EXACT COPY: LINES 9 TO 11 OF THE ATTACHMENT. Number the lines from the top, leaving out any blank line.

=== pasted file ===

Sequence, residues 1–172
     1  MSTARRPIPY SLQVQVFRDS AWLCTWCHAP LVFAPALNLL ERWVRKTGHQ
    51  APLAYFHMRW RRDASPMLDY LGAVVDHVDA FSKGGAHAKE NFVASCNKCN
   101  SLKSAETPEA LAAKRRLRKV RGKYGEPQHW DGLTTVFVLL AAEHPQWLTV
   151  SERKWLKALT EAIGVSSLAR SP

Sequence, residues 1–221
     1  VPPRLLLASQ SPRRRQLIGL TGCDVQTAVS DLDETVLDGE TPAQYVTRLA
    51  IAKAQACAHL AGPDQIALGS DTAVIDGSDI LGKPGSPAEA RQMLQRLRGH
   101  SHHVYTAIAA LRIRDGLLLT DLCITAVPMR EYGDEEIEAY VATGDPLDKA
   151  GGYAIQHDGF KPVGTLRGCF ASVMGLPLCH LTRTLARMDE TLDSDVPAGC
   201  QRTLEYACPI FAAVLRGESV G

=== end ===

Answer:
   101  SHHVYTAIAA LRIRDGLLLT DLCITAVPMR EYGDEEIEAY VATGDPLDKA
   151  GGYAIQHDGF KPVGTLRGCF ASVMGLPLCH LTRTLARMDE TLDSDVPAGC
   201  QRTLEYACPI FAAVLRGESV G